2. High-maintenance railway infrastructure: The aging and high-maintenance nature of railway infrastructure pose a significant hurdle to increasing ridership, as down-time due to maintenance is detrimental to reliability of the service and directly impacts financial performance. Addressing this challenge requires long-term planning and strategic investment in infrastructure maintenance and modernization.

3. Shortages of qualified labor: The industry faces a shortage of qualified labor, affecting both the operational workforce and skilled personnel responsible for maintaining and managing the railway assets. Strategies for long-term workforce planning, enticements and education are imperative.

4. Complex cross-functional operations: Increasing complexity of cross-functional operations, involving coordination between planning, rolling stock management, personnel, infrastructure, and transport control, increases likelihood of complications. Swift response to disruption becomes more difficult without seamless integration across all functions, which is essential for successful rail operations.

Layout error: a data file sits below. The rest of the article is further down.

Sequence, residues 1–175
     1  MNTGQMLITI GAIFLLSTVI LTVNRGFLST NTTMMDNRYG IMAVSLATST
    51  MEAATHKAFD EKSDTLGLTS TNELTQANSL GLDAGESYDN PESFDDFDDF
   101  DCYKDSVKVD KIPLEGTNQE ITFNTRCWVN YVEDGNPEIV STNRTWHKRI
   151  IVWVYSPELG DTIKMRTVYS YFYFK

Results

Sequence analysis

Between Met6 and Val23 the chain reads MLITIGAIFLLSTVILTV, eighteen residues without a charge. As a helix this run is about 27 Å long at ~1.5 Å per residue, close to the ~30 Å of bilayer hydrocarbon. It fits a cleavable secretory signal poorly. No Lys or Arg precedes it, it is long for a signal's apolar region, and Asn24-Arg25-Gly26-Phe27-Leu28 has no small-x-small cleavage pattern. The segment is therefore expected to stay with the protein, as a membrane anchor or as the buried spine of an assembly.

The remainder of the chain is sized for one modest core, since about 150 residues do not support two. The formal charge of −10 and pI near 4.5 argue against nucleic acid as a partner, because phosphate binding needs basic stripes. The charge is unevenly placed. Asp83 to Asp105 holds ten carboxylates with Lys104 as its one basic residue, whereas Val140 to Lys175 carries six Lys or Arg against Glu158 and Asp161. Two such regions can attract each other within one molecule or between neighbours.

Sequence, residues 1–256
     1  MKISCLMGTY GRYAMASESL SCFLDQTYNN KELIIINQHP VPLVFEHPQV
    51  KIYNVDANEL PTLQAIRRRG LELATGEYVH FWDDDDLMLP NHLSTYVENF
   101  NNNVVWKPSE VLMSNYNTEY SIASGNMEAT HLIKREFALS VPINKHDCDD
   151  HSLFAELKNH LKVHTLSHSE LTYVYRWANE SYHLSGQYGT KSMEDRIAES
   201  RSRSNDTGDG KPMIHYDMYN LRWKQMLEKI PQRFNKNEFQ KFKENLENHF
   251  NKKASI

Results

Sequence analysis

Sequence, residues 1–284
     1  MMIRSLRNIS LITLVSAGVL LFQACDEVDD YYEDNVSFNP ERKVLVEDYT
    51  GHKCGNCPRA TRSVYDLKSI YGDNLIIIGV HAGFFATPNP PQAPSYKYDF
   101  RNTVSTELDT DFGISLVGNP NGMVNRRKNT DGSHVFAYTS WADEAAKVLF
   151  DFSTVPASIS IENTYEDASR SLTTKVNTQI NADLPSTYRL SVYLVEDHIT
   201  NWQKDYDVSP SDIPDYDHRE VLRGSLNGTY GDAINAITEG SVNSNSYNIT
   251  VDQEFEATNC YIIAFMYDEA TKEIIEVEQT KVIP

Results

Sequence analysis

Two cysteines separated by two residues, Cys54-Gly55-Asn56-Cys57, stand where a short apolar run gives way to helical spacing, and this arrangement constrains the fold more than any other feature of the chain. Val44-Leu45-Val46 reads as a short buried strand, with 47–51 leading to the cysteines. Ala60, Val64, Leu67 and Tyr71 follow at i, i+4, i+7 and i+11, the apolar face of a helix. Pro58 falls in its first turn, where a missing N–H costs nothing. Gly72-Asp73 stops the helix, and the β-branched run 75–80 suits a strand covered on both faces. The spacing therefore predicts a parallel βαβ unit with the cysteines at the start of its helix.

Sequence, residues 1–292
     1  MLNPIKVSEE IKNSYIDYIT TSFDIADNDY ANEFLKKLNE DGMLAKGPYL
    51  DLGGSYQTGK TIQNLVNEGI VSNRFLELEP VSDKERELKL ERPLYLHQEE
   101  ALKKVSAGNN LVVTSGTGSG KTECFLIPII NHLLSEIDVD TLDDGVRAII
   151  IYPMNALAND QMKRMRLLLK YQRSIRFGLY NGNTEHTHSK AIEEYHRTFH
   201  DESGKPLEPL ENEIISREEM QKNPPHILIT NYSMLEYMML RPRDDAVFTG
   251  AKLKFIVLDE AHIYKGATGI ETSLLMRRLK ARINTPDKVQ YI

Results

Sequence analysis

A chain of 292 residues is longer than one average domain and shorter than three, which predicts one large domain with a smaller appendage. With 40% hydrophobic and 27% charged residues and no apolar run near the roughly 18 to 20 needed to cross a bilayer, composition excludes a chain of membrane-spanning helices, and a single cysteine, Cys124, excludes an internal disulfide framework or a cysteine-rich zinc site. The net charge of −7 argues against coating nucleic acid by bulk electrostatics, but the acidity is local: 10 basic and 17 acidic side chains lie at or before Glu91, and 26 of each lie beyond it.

The six building blocks of rail operation

To overcome the operational performance challenges and be successful in rail operations, all processes or “building blocks” should perform optimally both on individual and integrated levels. This is because the six building blocks (planning, rolling stock, personnel, infrastructure, transport control, and external effects) are inherently connected: decisions in one building block almost always have implications on other blocks (Fig. 3). Thereafter, we discuss a selection of points to consider for each building block.

Planning: Craft networks to prioritize customer satisfaction and operational efficiency; strategically coordinate rolling stock, personnel, and infrastructure; ensure planning is agile and adaptable to meet travelers' needs cost-effectively while striking a balance between personalized experiences and economic viability.

Rolling stock: Ensure effective asset management beyond procurement, focusing on cleaning, short-term maintenance, and continual availability; prioritize digitalization, which requires timely management of qualified engineers, as this highlights the crucial intersection of technological advancement and workforce planning.

Personnel: Stress the importance of long-term planning, education and efficiency among staff; address personnel shortages and inflation impact strategically to ensure a sustainable and cost-effective rail operation in the long term.

Infrastructure: Make timely investments to rail infrastructure – tracks, switches and energy networks – to rejuvenate and fortify it; emphasize the role of proactive maintenance to ensure the reliability of a robust network in the long term.

Transport control: Execute plans with available assets, navigating complexities smoothly and adaptively responding to disruptions for operational precision; address challenges of increasing digitalization and non-integrated systems, streamlining and integrating digital systems for efficient transport control.